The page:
Plant and animal functional diversity drive mutualistic network assembly across an elevational gradient

Species’ functional traits set the blueprint for pair-wise interactions in ecological networks. Yet, it is unknown to what extent the functional diversity of plant and animal communities controls network assembly along e
Species’ functional traits set the blueprint for pair-wise interactions in ecological networks. Yet, it is unknown to what extent the functional diversity of plant and animal communities controls network assembly along environmental gradients in real-world ecosystems. Here we address this question with a unique dataset of mutualistic bird–fruit, bird–flower and insect–flower interaction networks and associated functional traits of 200 plant and 282 animal species sampled along broad climate and land-use gradients on Mt. Kilimanjaro. We show that plant functional diversity is mainly limited by precipitation, while animal functional diversity is primarily limited by temperature. Furthermore, shifts in plant and animal functional diversity along the elevational gradient control the niche breadth and partitioning of the respective other trophic level. These findings reveal that climatic constraints on the functional diversity of either plants or animals determine the relative importance of bottom-up and top-down control in plant–animal interaction networks.
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Metadaten
Author:Jörg Albrecht, Alice Classen, Maximilian Vollstädt, Antonia Mayr, Neduvoto Piniel Mollel, David Schellenberger Costa, Hamadi Iddi Dulle, Markus Fischer, Andreas Hemp, Kim M. Howell, Michael Kleyer, Thomas Nauss, Marcell K. Peters, Marco Tschapka, Ingolf Steffan-Dewenter, Katrin Böhning-Gaese, Matthias Schleuning
URN:urn:nbn:de:hebis:30:3-486815
DOI:http://dx.doi.org/10.1038/s41467-018-05610-w
ISSN:2041-1723
Pubmed Id:http://www.ncbi.nlm.nih.gov/pubmed?term=30093613
Parent Title (English):Nature Communications
Publisher:Nature Publishing Group UK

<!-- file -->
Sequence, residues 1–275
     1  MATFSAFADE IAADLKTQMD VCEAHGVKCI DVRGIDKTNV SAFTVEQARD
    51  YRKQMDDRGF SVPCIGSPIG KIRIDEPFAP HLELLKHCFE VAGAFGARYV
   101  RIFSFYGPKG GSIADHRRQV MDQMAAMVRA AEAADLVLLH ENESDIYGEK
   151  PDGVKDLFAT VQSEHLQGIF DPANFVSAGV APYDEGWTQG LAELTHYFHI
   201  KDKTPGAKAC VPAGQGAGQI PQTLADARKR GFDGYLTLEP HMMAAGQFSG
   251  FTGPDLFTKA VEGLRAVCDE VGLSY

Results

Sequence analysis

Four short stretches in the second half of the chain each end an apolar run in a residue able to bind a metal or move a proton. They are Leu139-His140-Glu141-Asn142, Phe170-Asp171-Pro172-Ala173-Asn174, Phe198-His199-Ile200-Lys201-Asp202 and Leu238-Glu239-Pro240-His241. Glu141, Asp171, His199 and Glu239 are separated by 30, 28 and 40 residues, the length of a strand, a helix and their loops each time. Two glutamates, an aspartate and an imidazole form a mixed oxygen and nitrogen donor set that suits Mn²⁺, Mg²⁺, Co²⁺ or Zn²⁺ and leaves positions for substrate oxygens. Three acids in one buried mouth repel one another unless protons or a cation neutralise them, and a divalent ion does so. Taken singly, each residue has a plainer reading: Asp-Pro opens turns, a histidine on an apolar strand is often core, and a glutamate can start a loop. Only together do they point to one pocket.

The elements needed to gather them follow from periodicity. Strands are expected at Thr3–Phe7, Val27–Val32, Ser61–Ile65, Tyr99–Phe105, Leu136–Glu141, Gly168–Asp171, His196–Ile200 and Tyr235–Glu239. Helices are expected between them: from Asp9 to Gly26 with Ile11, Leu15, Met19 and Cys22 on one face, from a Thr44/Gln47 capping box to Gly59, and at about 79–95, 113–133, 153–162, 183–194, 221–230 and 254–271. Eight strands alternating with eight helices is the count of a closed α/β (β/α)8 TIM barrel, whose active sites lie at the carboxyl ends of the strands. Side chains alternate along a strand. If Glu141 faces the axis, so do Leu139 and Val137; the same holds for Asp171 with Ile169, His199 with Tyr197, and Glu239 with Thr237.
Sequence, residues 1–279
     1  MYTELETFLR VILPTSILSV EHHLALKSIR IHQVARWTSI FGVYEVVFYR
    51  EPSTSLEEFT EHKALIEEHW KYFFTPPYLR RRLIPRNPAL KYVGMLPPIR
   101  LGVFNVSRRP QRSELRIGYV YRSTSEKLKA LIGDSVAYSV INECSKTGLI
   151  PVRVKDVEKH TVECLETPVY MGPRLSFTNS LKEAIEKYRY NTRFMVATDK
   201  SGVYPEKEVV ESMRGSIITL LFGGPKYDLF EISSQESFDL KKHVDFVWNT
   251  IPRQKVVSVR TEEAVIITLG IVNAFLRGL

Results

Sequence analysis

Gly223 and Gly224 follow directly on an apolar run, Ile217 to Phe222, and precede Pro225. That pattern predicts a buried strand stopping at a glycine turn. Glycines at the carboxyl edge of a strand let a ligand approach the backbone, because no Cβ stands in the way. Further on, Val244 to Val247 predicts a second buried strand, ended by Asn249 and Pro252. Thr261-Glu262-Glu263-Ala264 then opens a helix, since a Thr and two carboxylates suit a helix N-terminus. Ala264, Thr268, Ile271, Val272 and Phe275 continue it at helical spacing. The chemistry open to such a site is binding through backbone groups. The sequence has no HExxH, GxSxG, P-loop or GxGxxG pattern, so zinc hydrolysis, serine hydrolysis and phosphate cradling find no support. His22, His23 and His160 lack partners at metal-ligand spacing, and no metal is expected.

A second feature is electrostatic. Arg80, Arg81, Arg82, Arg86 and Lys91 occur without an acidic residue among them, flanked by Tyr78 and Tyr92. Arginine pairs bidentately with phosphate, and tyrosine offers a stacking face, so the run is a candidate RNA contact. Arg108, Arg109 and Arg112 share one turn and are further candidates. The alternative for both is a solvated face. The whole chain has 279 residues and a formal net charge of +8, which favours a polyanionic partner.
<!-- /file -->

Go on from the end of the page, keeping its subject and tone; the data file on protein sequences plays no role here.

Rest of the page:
Place of publication:[London]
Document Type:Article
Language:English
Year of Completion:2018
Date of first Publication:2018/08/09
Publishing Institution:Universitätsbibliothek Johann Christian Senckenberg
Release Date:2019/01/17
Tag:Community ecology; Ecological networks; Ecology; Ecosystem ecology
Volume:9
Issue:1, Art. 3177
Pagenumber:10
First Page:1
Last Page:10
Note:
Open Access: This article is licensed under a Creative Commons Attribution 4.0 International License, which permits use, sharing, adaptation, distribution and reproduction in any medium or format, as long as you give appropriate credit to the original author(s) and the source, provide a link to the Creative Commons license, and indicate if changes were made. The images or other third party material in this article are included in the article’s Creative Commons license, unless indicated otherwise in a credit line to the material. If material is not included in the article’s Creative Commons license and your intended use is not permitted by statutory regulation or exceeds the permitted use, you will need to obtain permission directly from the copyright holder. To view a copy of this license, visit http://creativecommons.org/licenses/by/4.0/.
HeBIS PPN:446229563
Institutes:Senckenbergische Naturforschende Gesellschaft
Institut für Ökologie, Evolution und Diversität
Biodiversität und Klima Forschungszentrum (BiK-F)
Dewey Decimal Classification:580 Pflanzen (Botanik)
Sammlungen:Universitätspublikationen
Licence (German):License LogoCreative Commons - Namensnennung 4.0

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